A col­lec­tion of sto­ries filled with wry ob­ser­va­tions about the lives of or­di­nary peo­ple

India Today - - LEISURE - By An­var Alikhan

Po­ets and nov­el­ists be­long to two sep­a­rate coun­tries, and rarely get per­mis­sion to travel from one side to the other. Short story writ­ers can be born on ei­ther side and, per­haps, slip across the borders at night. An­jum Hasan, how­ever, is a lit­er­ary trav­eller with mul­ti­ple na­tion­al­i­ties, who has been ex­plor­ing all of these ter­ri­to­ries with a con­sum­mate sense of be­long­ing, wher­ever she goes. First came her po­etry, for which she got a Sahitya Akademi award; then came two nov­els, which got listed for var­i­ous awards; and now there’s this de­li­cious col­lec­tion of short sto­ries.

I re­mem­ber read­ing one of Hasan’s po­ems, where she wrote about walk­ing down the street wear­ing her mother’s clothes, thus be­ing nei­ther her­self nor her mother, and dream­ing of elu­sive­ness. And that is a theme that seems to run be­neath these sto­ries: The in­ter­sti­tial spa­ces of hu­man life, poised am­bigu­ously be­tween this and that. Some­thing like Ayana, the char­ac­ter in the story Good House­keep­ing, who, hav­ing fled an in­cip­i­ent re­la­tion­ship with the emo­tion­ally frag­ile Jack in London and re­turned to her small flat in Ban­ga­lore, sud­denly re­alises that “the sense of res­o­lu­tion is miss­ing. She hasn’t left Jack’s room yet. She’s still stand­ing there, try­ing to talk to him. She hasn’t put on her jacket and walked trem­bling into the late dusk with­out clos­ing the door be­hind her…” So nei­ther here nor there; yet both here and there; just the way life is.

Hasan’s sto­ries ob­serve their char­ac­ters and their lives in all their ba­nal­ity and sad-funny awk­ward­ness, with­out mak­ing any judg­ment, or try­ing to fig­ure them out: They are what they are and it is what it is. The sto­ries have been crafted with a poet’s sen­si­bil­ity and writ­ten with some un­usual writ­ing in­stru­ment that is nei­ther scalpel, nor water-colour paint­brush, but some strange hy­brid of the two. They’re about peo­ple like you and me—econ­o­mists, graphic artists, re­search schol­ars, pho­tog­ra­phers—who shop for gro­ceries at the Dasava Na­gar su­per­mar­ket, chop toma­toes and black olives for a salad, en­dure water short­ages, drink an in­or­di­nate num­ber of Bac­ardi Breez­ers in Goa, or glare at the idiot in the gi­ant sun­glasses who re­verses his sil­ver Land Rover through your lit­tle lane with a se­ries of vi­o­lent lurches.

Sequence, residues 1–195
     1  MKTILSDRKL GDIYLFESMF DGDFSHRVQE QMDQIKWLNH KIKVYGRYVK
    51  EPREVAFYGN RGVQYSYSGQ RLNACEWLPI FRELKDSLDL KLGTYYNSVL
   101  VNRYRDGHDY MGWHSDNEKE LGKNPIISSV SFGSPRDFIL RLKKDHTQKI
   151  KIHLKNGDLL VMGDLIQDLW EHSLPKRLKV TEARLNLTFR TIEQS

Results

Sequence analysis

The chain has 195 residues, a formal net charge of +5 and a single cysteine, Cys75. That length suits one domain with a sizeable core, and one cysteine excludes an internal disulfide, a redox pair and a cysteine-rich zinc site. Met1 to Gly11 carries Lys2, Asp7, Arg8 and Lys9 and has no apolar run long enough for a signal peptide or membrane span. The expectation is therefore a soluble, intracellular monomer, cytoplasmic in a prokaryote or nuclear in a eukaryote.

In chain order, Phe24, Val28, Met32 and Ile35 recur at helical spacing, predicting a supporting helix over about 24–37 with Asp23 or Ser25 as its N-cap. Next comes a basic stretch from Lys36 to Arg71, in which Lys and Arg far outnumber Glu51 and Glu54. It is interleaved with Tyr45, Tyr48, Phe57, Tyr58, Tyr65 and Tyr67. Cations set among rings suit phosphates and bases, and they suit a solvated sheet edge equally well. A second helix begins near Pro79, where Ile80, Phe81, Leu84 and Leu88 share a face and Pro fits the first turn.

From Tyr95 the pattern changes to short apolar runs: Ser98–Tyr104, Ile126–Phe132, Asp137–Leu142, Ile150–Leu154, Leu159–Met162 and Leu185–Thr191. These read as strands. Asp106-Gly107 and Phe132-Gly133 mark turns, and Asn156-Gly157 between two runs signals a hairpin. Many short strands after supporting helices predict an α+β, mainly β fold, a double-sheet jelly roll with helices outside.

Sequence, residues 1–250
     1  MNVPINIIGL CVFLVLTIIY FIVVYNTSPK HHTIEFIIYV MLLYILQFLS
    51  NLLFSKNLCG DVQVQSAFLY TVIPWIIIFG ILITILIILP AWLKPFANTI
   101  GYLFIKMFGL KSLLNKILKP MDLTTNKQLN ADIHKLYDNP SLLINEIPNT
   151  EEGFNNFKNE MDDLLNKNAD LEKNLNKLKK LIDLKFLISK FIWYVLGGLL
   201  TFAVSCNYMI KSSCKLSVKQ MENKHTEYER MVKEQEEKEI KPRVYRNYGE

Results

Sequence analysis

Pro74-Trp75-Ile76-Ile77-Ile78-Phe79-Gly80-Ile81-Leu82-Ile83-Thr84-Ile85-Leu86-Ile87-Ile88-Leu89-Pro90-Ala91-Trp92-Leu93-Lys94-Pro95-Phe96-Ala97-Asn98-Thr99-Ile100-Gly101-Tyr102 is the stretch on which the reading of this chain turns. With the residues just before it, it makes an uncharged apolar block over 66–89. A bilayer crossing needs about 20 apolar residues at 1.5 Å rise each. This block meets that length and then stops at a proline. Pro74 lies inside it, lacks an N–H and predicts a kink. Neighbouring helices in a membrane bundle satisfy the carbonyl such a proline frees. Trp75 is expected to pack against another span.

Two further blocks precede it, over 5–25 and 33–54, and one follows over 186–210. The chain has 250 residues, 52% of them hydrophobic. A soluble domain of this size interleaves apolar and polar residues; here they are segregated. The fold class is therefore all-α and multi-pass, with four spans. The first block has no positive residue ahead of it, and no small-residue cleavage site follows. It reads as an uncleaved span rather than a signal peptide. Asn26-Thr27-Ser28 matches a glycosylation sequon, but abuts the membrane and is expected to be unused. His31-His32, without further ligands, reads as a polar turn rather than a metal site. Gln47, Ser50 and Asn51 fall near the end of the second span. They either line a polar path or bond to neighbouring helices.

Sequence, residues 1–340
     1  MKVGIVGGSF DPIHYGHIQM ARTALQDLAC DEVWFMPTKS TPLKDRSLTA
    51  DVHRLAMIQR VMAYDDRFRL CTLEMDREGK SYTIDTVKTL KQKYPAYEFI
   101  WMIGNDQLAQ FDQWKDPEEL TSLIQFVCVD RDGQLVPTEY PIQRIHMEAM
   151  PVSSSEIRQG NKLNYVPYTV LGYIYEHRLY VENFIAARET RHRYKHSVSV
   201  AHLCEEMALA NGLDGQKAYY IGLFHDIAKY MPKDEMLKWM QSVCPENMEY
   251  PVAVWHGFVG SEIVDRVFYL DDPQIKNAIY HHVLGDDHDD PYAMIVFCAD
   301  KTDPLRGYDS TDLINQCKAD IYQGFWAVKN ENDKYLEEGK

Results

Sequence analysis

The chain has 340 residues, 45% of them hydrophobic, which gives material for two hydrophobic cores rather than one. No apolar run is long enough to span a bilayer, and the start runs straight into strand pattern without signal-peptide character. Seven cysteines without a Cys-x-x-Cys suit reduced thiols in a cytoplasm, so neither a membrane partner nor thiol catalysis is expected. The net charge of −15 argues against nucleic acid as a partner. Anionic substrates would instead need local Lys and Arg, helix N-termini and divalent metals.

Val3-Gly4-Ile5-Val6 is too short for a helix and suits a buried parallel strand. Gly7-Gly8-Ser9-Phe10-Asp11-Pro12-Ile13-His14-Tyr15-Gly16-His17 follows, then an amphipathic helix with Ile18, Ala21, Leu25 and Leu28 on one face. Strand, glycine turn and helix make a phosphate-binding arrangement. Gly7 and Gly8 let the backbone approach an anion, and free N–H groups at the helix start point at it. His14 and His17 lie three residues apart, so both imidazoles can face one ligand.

The sto­ries are filled with wry, acute ob­ser­va­tions about peo­ple, sit­u­a­tions and things that keep mak­ing you catch your breath. Telling us about the pho­tog­ra­pher named ‘Sci­ence’, for ex­am­ple, Hasan says: “Bom­bay was not ex­actly a ran­dom choice. The city had al­ways been there in the way that, when we are 20, cities loom on our hori­zons and we imag­ine com­fort­ably dis­tant fu­tures in which we might live in one of them.” About the ten­ta­tive cou­ple, Jasim and Dawn: “Slowly Jasim be­came a bit of Dawn and stopped open­ing the front door and threat­en­ing chil­dren ev­ery evening. And Dawn be­came a lot of Jasim and got used to straight­en­ing and clean­ing and re­fin­ing ev­ery­thing.” About the Swedish Lud­milla: “Her spo­ken English has a care­ful pre­ci­sion about it, ev­ery word cho­sen af­ter a split­sec­ond de­lib­er­a­tion to match it with some other word in her head.” And as we read we get to know our selves, and our world, just that lit­tle bit bet­ter.

I think it was Wil­liam Faulkner who once said that the short story was the most dif­fi­cult of writ­ing forms to do prop­erly. Hasan has done a mas­terly job, plac­ing these sto­ries be­fore us like del­i­cate, translu­cent sliv­ers of life, breath­ing im­per­cep­ti­bly, as we ex­am­ine them, one by one, and turn them over.

SAU­RABH Singh/­di­a­to­day­im­

Newspapers in English

Newspapers from India

© PressReader. All rights reserved.